NOVEMBER 20, 2008

The art of reading financial returns in F1

Reading financial returns is not an easy thing to do and often those who are not trained in the arts of accountants will make serious mistakes if they take the numbers in front of them at face value. The bottom line on the income statement is not the only important figure and often it is necessary to know more about the business than one can find in the media. The Daily Telegraph's reports suggesting that the Honda Racing F1 team is the biggest spender in F1, having reported a vast $218m spend in 2007, are not quite as they seem.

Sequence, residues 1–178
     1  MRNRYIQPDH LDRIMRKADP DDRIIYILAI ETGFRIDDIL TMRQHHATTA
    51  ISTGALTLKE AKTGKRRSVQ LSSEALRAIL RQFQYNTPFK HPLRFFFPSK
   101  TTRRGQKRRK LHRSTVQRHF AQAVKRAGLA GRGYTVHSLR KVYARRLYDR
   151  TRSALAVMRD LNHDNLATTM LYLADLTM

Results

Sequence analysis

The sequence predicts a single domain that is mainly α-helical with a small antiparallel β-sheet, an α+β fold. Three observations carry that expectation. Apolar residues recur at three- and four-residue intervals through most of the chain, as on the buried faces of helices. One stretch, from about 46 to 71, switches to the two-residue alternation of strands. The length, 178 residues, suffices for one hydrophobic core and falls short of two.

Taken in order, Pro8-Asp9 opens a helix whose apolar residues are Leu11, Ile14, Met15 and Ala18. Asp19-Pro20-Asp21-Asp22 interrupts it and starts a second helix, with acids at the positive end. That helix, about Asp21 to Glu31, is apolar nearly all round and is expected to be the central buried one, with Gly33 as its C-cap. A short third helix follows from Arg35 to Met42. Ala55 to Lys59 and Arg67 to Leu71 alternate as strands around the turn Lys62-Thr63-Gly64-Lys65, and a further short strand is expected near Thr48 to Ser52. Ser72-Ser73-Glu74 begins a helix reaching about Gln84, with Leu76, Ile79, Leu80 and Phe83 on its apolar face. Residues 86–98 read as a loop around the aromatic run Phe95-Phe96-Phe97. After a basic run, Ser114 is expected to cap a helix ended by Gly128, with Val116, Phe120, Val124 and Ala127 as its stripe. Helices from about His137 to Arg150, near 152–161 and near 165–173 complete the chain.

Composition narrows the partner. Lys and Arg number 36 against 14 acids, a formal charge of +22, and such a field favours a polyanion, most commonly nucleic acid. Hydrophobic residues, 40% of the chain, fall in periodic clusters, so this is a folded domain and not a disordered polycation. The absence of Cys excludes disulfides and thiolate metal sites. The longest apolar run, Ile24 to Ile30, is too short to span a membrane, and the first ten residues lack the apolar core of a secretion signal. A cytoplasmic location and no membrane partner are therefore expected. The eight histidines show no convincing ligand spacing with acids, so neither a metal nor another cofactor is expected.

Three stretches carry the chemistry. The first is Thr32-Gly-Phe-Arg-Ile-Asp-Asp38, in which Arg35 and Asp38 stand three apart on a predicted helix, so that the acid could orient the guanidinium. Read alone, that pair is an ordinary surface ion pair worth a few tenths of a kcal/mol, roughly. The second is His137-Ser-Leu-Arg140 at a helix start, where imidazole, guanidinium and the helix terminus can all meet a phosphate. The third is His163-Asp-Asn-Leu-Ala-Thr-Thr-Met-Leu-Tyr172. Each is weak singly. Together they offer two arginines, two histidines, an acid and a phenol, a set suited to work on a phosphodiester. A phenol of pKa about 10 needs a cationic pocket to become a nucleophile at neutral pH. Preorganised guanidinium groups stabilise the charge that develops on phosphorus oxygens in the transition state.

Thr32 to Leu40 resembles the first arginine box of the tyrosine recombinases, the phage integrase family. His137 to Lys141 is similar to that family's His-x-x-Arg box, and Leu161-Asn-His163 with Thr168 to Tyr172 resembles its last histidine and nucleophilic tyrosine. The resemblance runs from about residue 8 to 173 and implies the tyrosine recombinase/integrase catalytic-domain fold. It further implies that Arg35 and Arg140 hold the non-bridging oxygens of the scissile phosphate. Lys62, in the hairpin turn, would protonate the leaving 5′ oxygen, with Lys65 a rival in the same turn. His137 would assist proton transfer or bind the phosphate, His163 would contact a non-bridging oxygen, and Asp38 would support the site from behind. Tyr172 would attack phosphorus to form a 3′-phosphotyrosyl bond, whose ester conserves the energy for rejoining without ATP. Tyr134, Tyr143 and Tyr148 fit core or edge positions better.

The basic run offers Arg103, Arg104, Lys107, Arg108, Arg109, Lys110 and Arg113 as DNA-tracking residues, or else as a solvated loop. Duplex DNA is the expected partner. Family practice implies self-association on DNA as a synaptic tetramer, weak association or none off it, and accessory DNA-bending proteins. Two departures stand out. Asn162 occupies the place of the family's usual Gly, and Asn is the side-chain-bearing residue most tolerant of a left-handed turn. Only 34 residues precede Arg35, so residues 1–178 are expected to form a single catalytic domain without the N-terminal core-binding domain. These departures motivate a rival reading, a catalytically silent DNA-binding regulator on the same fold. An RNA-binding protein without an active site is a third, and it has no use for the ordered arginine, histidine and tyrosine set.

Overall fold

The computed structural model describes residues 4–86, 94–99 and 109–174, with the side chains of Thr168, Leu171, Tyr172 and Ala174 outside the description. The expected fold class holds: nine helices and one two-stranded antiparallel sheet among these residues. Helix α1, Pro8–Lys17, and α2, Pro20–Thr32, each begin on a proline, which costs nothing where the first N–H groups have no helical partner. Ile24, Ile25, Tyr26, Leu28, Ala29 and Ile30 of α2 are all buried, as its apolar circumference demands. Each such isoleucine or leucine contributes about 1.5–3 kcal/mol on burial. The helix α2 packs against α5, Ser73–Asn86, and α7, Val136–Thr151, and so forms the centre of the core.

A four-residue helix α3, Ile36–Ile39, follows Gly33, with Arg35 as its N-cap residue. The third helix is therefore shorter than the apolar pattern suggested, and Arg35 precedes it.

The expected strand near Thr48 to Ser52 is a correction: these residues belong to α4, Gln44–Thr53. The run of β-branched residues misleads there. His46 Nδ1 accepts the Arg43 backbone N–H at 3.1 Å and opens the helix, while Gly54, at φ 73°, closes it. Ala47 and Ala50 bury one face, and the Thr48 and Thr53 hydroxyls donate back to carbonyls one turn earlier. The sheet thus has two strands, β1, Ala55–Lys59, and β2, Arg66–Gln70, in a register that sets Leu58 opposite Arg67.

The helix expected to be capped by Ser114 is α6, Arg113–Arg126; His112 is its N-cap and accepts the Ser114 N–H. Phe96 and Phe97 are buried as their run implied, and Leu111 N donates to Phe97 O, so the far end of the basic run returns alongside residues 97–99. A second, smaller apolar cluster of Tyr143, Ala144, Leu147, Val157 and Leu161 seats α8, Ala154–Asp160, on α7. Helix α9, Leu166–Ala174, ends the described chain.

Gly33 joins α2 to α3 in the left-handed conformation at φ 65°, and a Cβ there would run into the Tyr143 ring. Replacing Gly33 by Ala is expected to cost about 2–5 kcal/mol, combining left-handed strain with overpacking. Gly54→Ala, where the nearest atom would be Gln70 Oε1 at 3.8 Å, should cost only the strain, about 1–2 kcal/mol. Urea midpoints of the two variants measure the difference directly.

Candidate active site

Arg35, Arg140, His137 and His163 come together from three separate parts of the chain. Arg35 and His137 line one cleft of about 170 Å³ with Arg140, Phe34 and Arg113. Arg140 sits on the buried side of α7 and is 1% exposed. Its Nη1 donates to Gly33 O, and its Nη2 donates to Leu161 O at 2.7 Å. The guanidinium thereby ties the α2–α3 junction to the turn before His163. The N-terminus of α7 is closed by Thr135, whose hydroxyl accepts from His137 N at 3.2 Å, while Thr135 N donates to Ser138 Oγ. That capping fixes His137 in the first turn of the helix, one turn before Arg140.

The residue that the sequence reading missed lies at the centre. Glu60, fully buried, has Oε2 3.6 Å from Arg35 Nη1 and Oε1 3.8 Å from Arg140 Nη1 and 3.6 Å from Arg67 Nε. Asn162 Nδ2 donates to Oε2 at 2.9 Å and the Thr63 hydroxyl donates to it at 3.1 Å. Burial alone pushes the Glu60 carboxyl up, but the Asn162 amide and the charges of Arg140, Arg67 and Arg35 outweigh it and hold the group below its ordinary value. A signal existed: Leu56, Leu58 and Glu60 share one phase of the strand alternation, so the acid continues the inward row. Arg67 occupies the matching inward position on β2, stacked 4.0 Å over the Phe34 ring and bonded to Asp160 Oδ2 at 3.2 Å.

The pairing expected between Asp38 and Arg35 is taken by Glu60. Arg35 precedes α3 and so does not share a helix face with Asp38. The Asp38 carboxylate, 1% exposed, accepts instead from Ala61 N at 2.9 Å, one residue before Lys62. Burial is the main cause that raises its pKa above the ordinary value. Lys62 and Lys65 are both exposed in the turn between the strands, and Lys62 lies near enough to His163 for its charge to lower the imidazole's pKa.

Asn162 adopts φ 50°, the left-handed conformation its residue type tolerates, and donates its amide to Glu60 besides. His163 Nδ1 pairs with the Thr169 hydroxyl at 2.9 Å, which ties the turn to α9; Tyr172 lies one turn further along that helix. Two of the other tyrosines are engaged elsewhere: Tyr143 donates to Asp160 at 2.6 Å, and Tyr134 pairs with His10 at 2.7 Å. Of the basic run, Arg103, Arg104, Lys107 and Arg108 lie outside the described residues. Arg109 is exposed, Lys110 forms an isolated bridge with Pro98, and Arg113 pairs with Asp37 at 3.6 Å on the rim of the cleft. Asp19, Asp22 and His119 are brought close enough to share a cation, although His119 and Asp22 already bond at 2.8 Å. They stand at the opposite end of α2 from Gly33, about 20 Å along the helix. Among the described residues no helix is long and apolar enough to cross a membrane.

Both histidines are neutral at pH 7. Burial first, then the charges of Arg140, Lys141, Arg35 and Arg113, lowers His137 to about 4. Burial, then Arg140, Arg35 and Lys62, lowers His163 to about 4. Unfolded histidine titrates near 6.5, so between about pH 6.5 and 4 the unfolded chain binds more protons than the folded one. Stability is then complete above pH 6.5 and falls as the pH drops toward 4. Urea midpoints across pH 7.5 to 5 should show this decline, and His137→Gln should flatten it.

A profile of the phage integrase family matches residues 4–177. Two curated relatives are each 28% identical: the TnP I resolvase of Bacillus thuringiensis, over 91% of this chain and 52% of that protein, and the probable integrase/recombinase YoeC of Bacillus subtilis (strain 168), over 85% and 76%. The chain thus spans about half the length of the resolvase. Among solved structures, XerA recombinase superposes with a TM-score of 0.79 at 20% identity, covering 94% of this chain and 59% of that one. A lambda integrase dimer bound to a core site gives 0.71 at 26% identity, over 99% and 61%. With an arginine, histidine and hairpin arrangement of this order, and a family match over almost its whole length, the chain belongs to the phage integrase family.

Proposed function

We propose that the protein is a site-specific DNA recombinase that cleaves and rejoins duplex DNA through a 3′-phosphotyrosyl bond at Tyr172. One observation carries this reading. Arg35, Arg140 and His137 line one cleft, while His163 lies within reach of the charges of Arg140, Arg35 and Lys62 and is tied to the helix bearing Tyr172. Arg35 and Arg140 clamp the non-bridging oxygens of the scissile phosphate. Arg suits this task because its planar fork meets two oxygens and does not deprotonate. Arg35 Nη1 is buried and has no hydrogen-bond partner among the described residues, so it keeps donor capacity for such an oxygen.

Our sources say that the stories fail to take into account a rather important fact which was overlooked as the authors. At the time Honda was being forced to pay for most of Super Aguri's operations in addition to its own activities. This does not mean that the budget quoted is double what it should be but it is fair to say that probably 25% of the cost quoted was used up by Super Aguri rather than Honda Racing F1. The Honda Motor Company no doubt spent the money but it was not all on the one team as the report suggests.

With that money deducted from the total declared in the company's financial returns, the actual budget of Honda F1 is not as outrageous as the story suggested and while one cannot laud the results achieved for that kind of investment, one can at least say that it is not as bad as the story suggests.